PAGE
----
At SchoolAmanda Vaden
Most visual programming interfaces, like in the Sphero Edu app, involve selecting blocks that have different functions and connecting them to make a logical series that controls a process.

Programming is one of the most sought-after skills in modern work life. Not only does it provide a pathway to a rewarding career and exciting projects, but it also helps people have a deeper understanding of tech processes and to better problem solve.

There are currently 26.8 million software developers in the world, many of whom learned to code via traditional text-based programs. But, much like the tech world itself, how we code has evolved, and new practices like visual programming are empowering young and non-technical people to join the community.

Here’s everything you need to know about visual programming, including why it’s important, and how to embrace it in education.

What is Visual Programming?

Sometimes referred to as “graphic programming”, visual programming is a programming language where people create software using visual elements like flowcharts and diagrams. 

Unlike text-based programming languages like Python, C++, and JavaScript, visual programmers don’t need to have a strong understanding of writing code. Instead, visual programming tends to have a “drag and drop” interface, where visual elements replace lines of text code, so users can experiment with different types of programs and commands without needing to learn complex syntax. This allows them to gain a foundation of programming knowledge they can generalize to different programming languages.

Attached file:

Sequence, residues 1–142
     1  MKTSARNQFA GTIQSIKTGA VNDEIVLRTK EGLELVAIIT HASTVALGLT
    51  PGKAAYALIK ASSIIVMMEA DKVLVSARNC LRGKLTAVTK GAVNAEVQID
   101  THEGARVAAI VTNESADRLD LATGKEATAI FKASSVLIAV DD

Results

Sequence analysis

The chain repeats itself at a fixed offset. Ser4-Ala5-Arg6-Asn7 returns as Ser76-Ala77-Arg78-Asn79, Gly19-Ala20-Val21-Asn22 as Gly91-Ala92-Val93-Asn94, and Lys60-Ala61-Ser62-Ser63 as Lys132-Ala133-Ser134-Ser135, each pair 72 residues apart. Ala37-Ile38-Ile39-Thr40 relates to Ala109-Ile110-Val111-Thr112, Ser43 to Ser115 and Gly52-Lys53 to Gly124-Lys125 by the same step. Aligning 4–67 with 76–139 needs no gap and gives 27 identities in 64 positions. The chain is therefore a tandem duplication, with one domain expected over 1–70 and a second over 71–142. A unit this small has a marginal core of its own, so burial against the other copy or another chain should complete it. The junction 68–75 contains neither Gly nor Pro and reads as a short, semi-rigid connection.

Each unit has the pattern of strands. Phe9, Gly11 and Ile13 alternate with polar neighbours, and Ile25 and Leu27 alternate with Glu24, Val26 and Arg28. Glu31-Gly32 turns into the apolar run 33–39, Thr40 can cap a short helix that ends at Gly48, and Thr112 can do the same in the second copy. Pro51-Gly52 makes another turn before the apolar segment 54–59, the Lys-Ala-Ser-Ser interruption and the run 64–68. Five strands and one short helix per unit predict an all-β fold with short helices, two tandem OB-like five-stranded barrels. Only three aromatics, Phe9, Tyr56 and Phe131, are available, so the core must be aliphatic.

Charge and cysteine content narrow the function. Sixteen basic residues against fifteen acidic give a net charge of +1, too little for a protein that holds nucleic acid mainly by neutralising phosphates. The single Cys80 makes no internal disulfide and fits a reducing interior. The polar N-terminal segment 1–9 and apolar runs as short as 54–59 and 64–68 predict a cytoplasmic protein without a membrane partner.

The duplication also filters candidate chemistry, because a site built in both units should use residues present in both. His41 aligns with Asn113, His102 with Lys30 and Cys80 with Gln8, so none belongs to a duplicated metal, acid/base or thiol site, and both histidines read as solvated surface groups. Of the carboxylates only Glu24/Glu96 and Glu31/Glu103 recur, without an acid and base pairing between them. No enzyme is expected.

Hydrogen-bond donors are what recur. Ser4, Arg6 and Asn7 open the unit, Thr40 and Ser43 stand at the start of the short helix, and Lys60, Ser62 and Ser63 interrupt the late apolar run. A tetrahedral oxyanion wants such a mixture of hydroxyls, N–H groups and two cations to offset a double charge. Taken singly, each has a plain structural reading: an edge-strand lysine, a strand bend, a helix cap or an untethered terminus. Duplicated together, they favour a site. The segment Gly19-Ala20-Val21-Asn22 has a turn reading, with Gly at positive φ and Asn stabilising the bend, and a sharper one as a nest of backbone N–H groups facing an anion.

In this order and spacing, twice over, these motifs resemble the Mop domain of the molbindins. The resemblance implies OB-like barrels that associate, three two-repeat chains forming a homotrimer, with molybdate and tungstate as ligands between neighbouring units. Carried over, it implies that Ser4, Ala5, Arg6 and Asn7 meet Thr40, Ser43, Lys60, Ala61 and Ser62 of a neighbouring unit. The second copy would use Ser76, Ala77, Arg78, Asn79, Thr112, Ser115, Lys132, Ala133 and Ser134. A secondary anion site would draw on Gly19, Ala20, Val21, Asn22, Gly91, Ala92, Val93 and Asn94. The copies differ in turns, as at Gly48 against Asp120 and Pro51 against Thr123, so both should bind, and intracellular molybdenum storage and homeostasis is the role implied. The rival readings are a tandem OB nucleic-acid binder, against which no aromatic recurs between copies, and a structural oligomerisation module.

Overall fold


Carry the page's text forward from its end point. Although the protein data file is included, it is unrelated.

Why is Visual Programming Important?

Humans respond and process visual data better than other forms of data. In fact, research shows that humans can process images 60,000 times faster than text alone. Visual programming, therefore, makes designing software more accessible to more people because they can more easily comprehend and construct technical flows. 

As more digital services are needed to power the online world, visual programming opens doors for people from different backgrounds and with different preferred learning styles to build innovative tools.

Visual programming is also beneficial to enable people to quickly visualize processes – they have a clearer overview of systems and can pinpoint potential problems more easily. Especially for new programmers, visual programming can help recognize underlying code and debugging issues.

How to Use Visual Programming in Education?

Visual programming has a natural place in the classroom—it engages students while encouraging computational thinking and promoting active learning. Plus, students don’t need any prior knowledge of coding. 

It also gives young people important skills that best prepare them for employment down the line, as well as critical analysis that can support them in everyday life. Here are just a few of the many ways that visual programming can be incorporated into curriculums:

Write a Choose-Your-Own-Ending Story